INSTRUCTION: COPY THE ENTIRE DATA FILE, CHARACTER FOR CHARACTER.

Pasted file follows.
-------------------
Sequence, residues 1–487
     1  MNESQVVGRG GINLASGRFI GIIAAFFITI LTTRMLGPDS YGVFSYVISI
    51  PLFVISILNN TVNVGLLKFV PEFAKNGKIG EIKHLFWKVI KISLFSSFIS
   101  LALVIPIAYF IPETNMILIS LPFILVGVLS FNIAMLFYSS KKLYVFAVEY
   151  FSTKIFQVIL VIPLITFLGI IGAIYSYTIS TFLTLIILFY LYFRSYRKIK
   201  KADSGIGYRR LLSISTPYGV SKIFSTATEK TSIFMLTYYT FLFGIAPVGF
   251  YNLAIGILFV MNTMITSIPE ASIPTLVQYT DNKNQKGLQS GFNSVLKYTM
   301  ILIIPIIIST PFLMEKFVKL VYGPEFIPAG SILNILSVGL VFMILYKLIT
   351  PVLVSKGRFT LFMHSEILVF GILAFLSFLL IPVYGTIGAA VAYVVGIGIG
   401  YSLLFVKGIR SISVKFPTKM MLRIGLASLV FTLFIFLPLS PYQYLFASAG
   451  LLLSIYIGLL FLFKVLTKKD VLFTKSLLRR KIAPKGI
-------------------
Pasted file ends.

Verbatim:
Sequence, residues 1–487
     1  MNESQVVGRG GINLASGRFI GIIAAFFITI LTTRMLGPDS YGVFSYVISI
    51  PLFVISILNN TVNVGLLKFV PEFAKNGKIG EIKHLFWKVI KISLFSSFIS
   101  LALVIPIAYF IPETNMILIS LPFILVGVLS FNIAMLFYSS KKLYVFAVEY
   151  FSTKIFQVIL VIPLITFLGI IGAIYSYTIS TFLTLIILFY LYFRSYRKIK
   201  KADSGIGYRR LLSISTPYGV SKIFSTATEK TSIFMLTYYT FLFGIAPVGF
   251  YNLAIGILFV MNTMITSIPE ASIPTLVQYT DNKNQKGLQS GFNSVLKYTM
   301  ILIIPIIIST PFLMEKFVKL VYGPEFIPAG SILNILSVGL VFMILYKLIT
   351  PVLVSKGRFT LFMHSEILVF GILAFLSFLL IPVYGTIGAA VAYVVGIGIG
   401  YSLLFVKGIR SISVKFPTKM MLRIGLASLV FTLFIFLPLS PYQYLFASAG
   451  LLLSIYIGLL FLFKVLTKKD VLFTKSLLRR KIAPKGI